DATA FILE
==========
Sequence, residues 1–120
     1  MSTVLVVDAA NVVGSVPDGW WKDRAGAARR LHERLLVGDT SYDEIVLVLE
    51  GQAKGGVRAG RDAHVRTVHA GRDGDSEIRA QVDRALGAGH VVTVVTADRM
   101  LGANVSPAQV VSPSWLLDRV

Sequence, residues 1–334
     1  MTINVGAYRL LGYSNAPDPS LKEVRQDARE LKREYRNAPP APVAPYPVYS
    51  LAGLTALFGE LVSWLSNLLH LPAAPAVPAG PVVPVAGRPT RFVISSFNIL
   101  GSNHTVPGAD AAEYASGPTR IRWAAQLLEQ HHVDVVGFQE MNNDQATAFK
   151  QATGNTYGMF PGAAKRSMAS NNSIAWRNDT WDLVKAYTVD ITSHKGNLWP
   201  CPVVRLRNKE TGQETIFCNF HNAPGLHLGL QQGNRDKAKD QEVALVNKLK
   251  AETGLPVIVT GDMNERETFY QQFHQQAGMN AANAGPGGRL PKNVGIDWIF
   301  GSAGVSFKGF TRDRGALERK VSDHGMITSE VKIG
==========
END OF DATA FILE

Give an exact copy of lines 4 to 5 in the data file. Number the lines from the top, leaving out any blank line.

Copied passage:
   101  LGANVSPAQV VSPSWLLDRV

Sequence, residues 1–334